During our four and a half years living in Melbourne we took many trips to the nearby playground, Mornington Peninsula. This is a popular getaway spot for Melburnians, with many people having summer homes or taking annual trips to various destinations on the peninsula. It's only about an hour's drive, which is wonderful considering we have to drive three times as long if we want to take a similar trip "down south" from Perth. One of our trips was a 2009 exploration that also included Phillip Island, which is a bit further away.
We split our accommodation time on the peninsula between a lovely bed and breakfast in Red Hill (unfortunately no longer in operation because the owners retired) and a cozy cabin in Rye with gorgeous views. I can't find the latter on the internet so the ownership and name must have changed. What I can remember is that accommodation in this region books out fast and early, especially during peak times like school holidays, summer, festivals and important wine region events. My advice to anyone travelling in Australia is always to try to make reservations at least six months in advance unless you want to pay more money than you have to. Accommodations are always busy all over the country.
I've written a little about our wining adventures in Mornington Peninsula previously. We did plenty of that on this trip but we also had enough time for other activities. These included a soak and spa treatments at the Peninsula Hot Springs, day trips to Sorrento, Portsea and Point Nepean National Park, and a couple of rounds of mini-golf, always fun when you're on holiday.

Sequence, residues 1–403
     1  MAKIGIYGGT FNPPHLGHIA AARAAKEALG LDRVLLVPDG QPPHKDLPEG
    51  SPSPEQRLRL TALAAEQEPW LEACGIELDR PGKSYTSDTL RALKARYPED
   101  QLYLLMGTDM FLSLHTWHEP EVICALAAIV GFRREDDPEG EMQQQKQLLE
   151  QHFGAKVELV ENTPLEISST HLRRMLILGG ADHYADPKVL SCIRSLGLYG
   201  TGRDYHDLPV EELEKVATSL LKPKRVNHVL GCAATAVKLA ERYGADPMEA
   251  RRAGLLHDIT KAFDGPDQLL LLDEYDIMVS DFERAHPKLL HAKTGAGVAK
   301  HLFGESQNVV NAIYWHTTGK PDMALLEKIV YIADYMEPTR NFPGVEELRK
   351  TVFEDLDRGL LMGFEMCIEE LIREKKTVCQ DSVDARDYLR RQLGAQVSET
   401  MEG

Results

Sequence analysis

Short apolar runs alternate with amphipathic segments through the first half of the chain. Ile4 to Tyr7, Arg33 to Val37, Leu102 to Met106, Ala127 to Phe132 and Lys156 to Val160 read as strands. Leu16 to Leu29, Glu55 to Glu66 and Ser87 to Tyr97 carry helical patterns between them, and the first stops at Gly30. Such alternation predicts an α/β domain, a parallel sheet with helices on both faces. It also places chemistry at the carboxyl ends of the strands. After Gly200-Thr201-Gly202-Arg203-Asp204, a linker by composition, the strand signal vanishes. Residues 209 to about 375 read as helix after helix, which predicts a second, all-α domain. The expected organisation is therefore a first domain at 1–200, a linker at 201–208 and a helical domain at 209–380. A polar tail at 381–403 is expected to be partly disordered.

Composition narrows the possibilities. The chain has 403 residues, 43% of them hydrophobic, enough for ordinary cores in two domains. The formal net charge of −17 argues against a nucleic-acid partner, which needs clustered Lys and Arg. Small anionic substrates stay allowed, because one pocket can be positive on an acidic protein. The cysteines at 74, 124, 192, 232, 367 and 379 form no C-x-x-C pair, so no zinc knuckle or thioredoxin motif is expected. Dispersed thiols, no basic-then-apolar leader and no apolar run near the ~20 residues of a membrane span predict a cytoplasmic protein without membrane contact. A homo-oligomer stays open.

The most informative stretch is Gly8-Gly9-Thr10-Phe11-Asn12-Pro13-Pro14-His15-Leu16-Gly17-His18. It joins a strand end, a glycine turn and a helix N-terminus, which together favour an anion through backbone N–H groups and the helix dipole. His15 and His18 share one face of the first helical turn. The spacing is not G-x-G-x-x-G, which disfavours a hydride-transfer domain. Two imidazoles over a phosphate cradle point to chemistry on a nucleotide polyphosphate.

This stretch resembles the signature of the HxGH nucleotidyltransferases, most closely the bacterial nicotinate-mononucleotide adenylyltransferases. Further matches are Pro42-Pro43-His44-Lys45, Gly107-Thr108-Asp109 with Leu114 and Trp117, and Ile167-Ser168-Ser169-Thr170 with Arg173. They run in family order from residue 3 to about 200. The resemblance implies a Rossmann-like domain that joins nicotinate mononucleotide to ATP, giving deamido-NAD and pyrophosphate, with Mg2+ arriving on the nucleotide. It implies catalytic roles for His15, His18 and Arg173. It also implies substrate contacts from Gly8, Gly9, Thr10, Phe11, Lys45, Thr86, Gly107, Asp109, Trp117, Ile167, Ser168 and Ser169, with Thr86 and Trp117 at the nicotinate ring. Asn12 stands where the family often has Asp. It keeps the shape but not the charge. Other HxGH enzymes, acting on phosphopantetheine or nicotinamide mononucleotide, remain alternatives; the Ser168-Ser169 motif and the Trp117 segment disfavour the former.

After enjoying our time in Mornington Peninsula we took a very long drive down to Phillip Island. We went there, of course for the island's main attraction: the Penguin Parade. The stars of the show are the "Little Penguins" (formerly known as Fairy Penguins, which I liked a bit better as a name because the show really is magical). After a long day of fishing in the water these small creatures have to make their way back to their homes on land. Crowds gather on the beach at dusk and await their return, which is as interesting as it is cute. First they congregate together in groups at the edge of the water, which takes some time. After all, they have to keep safe as they cross the beach. Then they begin to walk towards you and you just watch hundreds of them wander up the beach. We were enchanted by a little fluffy one who was looking for its mother to give him food. He was practically attacking every other bird thinking it was his mother. We watched him for a long time and were a bit sad when he never seemed to find his mum.
What I learned: There are many different ways to holiday on Mornington Peninsula. If you don't own a holiday house you can rent one. But most people choose B&Bs, cottages/cabins or campgrounds for their summer time off.
Favourite memory: Seeing the little penguins toddle up the beach at the Penguin Parade.
Destination tip: Spend a little extra at the Penguin Parade to upgrade your ticket to Penguins Plus. You'll have a place to sit on a special viewing platform with a prime spot closer to the action. It beats battling the crowds in the general admission section. And be sure to wear warm clothing. It may be an island but it's very chilly on the beach in the evenings and you'll wait for at least an hour to see the penguins emerge.
Biggest regret: Not taking more photos of the wineries we visited. For some reason I only have shots of Montalto from this trip.
Have you been to Mornington Peninsula or Phillip Island? What were your impressions?
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